Some British academics argue that Israel has not fulfilled its obligation to constitutionally protect minority rights.[19][20][21][22]

Israeli Basic Law: Human Dignity and Liberty, states that fundamental human rights in Israel shall be upheld in the spirit of the principles set forth in the Declaration, but it specifically exempted legislation that was already in force. Israeli legal scholars say that the wording of the law was adopted to avoid the difficulty of giving priority to equality, which was not expressly entrenched. The result is that the principle of equality can be reversed by ordinary legislation, and furthermore will not override statutory or judge-made laws.[23][24]

Status of freedom, political rights and civil liberties in Israel

Citizenship rights

The Israeli the Nationality Law and the Law of Return, differentiate between Jewish Israelis and Palestinian Israelis by reifying the concept of Jewish nationality as separate from Israeli citizenship. Despite its title, the Nationality Law does not establish the notion of an Israeli nationality, instead associating nationality with religious affiliation.[25]

The Nationality Law permits Palestinians to become citizens of Israel only if they were present (or are the descendants of those present) in Israel between 1948 and 1952. These constraints exclude all those who were expelled or who fled between December 1947 and March 1949 and their descendants.[25] The Law of Return ensures the right of every Jew to immigrate to Israel and automatically become an Israeli citizen. Palestinians and their descendants who were expelled or fled between December 1947 and March 1949 are denied this right.[9]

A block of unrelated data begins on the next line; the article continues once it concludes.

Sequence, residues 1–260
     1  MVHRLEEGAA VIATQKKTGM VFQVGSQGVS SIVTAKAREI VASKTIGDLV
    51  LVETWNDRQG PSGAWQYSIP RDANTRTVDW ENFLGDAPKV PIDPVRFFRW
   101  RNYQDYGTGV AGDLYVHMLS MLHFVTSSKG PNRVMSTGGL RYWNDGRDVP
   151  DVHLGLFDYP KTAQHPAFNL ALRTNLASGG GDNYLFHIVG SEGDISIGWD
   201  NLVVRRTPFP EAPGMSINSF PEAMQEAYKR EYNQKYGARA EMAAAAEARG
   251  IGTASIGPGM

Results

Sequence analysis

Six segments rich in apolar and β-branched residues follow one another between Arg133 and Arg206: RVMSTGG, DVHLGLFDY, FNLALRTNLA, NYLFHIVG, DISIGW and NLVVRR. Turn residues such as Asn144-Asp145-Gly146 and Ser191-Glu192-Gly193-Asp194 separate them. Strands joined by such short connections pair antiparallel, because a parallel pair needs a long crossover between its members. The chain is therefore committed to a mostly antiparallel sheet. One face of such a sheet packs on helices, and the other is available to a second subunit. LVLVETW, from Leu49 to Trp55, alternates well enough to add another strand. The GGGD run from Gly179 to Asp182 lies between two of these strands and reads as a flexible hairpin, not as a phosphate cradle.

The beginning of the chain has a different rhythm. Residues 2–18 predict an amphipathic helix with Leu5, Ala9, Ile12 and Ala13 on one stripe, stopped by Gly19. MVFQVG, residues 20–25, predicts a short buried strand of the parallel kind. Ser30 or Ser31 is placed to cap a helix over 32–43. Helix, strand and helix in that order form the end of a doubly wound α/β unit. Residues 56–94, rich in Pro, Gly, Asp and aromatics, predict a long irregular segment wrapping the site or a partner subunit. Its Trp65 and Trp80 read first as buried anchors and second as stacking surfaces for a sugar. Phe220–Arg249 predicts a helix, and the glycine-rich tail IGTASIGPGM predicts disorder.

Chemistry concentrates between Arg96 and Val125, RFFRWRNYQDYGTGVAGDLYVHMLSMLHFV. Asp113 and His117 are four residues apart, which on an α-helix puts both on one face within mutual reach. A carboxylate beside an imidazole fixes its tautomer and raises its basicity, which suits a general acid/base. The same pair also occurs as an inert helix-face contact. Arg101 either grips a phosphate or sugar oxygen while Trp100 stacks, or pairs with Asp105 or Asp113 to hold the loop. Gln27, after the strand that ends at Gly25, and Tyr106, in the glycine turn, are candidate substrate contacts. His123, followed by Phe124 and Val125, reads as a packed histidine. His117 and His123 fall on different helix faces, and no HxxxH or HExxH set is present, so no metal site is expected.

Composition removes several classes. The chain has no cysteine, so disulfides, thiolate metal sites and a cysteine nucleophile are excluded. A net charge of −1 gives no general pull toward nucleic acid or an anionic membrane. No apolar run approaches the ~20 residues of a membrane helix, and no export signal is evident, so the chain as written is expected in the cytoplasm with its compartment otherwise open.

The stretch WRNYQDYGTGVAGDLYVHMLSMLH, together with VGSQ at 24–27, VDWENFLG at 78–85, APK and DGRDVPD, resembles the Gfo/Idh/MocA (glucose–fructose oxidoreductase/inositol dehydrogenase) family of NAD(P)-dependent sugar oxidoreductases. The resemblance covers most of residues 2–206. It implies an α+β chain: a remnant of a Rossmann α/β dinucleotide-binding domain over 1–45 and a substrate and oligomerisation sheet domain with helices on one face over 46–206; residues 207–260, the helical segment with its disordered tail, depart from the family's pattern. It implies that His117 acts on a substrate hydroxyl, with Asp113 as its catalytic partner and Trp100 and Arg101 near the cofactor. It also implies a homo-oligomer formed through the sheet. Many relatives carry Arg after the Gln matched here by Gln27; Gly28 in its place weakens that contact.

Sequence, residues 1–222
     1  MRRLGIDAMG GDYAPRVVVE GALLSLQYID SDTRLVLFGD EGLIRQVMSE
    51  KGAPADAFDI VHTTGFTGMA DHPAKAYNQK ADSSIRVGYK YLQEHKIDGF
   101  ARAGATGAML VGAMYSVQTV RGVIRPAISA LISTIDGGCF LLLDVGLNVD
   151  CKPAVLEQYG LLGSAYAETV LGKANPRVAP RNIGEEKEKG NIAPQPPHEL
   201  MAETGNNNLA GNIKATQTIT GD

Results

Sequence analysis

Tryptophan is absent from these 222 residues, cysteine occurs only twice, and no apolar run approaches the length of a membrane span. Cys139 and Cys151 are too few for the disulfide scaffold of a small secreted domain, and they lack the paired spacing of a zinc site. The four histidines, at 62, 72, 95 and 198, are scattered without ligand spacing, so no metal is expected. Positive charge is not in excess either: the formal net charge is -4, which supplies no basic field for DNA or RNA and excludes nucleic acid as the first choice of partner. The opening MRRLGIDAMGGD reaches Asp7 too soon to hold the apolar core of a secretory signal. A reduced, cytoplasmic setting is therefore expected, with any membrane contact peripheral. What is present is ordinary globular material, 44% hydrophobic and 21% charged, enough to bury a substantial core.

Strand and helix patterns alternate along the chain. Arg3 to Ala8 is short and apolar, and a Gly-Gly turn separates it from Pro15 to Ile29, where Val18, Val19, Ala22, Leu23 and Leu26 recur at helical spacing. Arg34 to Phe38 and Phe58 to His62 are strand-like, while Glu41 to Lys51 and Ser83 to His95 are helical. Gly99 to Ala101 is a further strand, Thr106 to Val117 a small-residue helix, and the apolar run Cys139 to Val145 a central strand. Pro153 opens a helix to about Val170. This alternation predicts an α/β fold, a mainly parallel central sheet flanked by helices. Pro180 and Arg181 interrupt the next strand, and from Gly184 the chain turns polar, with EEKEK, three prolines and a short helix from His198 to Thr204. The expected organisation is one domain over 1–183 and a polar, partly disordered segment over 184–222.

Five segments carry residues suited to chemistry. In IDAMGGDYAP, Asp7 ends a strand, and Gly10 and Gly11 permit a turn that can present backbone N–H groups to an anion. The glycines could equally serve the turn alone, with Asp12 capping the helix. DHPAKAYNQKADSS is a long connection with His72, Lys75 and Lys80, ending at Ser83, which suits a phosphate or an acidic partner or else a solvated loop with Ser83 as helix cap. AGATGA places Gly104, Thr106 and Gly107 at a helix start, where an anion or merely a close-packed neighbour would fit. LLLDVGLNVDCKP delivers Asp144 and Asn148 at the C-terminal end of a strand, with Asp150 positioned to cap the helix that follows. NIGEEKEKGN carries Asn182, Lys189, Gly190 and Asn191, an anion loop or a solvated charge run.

The Citizenship and Entry into Israel Law (2003) denies Palestinians from the occupied Palestinian territories the right to acquire Israeli residency or citizenship status, even in cases where they are married to citizens of Israel. This ban is based on nationality and not on individual case-by-case security concerns.[9]